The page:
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W. German Salesmen, Engineers Enjoy Strong Ties With Iran

October 14, 1987|Klaus Bering | Deutsche Presse-Agentur

TEHRAN, Iran — In the eighth year of the Iraq-Iran war, West German salesmen and engineers still enjoy strong business ties with Iran.

German business travelers are ubiquitous in hotels and the offices of state industries and ministries in Tehran, the transfer point to the steel mill in Ahwas, the chemical plant in Isfahan or the arms factory in Saveh.

Iraq's newly intensified air strikes against Iranian cities as near as 60 miles to Tehran evoke only mild interest to the travelers.

"What's much worse is that inefficiency continues and corruption is always sprouting a new leaf," said a representative of a Ruhr region steel company.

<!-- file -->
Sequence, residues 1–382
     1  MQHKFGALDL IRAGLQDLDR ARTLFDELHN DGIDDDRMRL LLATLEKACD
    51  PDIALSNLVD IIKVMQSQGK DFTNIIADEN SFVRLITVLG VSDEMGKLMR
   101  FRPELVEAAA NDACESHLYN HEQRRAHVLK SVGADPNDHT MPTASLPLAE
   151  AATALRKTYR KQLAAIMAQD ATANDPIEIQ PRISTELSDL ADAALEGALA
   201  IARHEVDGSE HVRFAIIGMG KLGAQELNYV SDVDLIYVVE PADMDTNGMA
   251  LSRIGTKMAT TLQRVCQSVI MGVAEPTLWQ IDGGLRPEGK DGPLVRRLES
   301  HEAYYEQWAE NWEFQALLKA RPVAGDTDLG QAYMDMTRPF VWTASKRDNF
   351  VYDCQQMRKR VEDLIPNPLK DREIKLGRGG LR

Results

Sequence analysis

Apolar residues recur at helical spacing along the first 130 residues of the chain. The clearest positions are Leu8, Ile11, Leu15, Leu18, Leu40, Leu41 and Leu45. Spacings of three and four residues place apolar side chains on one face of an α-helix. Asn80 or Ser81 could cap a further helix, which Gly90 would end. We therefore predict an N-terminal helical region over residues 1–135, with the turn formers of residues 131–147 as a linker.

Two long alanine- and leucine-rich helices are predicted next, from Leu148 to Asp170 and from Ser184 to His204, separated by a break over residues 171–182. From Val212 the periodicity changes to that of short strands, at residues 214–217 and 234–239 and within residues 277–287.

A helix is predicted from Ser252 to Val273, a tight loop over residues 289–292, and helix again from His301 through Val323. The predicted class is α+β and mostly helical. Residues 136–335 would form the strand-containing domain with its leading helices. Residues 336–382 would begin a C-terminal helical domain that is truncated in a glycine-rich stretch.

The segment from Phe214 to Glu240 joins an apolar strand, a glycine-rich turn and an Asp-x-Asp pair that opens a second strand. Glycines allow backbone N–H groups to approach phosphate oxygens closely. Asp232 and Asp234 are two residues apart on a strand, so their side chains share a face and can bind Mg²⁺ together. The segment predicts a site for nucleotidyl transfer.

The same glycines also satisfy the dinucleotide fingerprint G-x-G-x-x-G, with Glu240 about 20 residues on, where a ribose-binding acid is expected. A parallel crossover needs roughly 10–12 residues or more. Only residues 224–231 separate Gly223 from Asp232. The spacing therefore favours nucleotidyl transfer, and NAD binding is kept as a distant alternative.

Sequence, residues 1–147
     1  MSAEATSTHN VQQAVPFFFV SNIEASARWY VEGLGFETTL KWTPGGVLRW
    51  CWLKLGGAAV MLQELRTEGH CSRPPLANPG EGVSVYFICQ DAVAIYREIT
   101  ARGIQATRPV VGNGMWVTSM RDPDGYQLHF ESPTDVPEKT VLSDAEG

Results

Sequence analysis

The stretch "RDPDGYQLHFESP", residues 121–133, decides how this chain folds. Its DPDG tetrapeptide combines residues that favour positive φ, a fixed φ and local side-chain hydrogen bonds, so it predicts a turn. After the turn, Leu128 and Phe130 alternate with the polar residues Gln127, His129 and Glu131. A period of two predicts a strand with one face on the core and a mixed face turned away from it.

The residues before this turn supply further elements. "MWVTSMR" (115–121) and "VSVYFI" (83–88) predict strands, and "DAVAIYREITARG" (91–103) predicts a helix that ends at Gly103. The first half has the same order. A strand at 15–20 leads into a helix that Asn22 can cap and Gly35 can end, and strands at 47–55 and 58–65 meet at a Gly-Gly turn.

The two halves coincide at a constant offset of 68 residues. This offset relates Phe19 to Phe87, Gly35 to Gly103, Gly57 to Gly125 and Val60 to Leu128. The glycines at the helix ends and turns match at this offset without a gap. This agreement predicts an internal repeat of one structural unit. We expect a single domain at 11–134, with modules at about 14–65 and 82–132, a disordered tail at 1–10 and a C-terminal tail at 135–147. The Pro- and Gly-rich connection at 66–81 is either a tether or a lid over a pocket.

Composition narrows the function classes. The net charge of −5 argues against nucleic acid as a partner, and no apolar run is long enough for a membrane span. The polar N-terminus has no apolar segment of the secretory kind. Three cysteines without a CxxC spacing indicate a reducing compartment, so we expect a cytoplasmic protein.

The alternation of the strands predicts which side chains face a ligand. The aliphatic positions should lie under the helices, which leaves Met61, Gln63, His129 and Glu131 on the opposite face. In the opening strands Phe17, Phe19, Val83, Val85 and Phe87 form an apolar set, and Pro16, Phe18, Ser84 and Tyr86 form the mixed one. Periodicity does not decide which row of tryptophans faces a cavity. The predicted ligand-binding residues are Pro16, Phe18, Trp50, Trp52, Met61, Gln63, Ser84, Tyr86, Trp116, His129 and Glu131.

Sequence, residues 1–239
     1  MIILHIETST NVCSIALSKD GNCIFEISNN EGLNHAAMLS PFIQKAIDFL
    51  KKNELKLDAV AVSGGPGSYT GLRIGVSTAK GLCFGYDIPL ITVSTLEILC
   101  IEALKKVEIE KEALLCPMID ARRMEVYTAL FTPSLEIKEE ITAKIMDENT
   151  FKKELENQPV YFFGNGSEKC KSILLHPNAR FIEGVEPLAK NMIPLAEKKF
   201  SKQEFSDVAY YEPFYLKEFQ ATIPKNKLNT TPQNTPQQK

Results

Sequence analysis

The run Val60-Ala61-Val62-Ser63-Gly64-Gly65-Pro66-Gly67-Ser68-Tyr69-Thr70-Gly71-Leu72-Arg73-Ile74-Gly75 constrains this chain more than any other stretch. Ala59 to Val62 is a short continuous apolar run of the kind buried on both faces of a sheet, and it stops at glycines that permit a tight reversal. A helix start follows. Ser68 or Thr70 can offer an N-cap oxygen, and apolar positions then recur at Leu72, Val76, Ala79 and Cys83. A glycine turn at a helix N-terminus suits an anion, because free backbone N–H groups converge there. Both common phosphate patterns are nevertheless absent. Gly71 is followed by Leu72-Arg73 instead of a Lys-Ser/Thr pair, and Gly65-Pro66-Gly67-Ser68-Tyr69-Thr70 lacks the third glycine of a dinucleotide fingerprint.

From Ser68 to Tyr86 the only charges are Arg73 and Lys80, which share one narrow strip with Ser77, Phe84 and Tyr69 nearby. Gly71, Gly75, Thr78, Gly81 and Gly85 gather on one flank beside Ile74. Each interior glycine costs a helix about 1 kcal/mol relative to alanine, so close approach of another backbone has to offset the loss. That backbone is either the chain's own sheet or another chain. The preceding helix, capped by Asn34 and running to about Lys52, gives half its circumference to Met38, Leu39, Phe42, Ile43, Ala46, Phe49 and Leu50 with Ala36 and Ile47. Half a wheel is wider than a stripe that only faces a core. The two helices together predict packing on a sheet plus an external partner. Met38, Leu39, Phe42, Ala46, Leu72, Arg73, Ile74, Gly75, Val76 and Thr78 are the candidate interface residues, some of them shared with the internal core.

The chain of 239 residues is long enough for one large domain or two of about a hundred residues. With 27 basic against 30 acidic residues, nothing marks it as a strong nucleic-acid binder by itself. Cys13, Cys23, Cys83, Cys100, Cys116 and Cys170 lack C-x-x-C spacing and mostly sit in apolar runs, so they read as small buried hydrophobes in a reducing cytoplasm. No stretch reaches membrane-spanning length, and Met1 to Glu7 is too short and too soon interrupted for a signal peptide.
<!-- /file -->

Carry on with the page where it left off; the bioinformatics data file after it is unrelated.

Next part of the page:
A German salesman complained that his Iranian customers were demanding a one year's delay in payment of a $27,500 bill for oil drilling equipment.

But despite Tehran's growing war expenditures and a shortage of foreign currency, there is a great deal of money to be made in Iran. In the first half of 1987, West German exports to the country totaled $775 million.

Since July, when Bonn Foreign Minister Hans-Dietrich Genscher called Iraq the aggressor in the Persian Gulf War, relations between West Germany and Iran have been better than ever.

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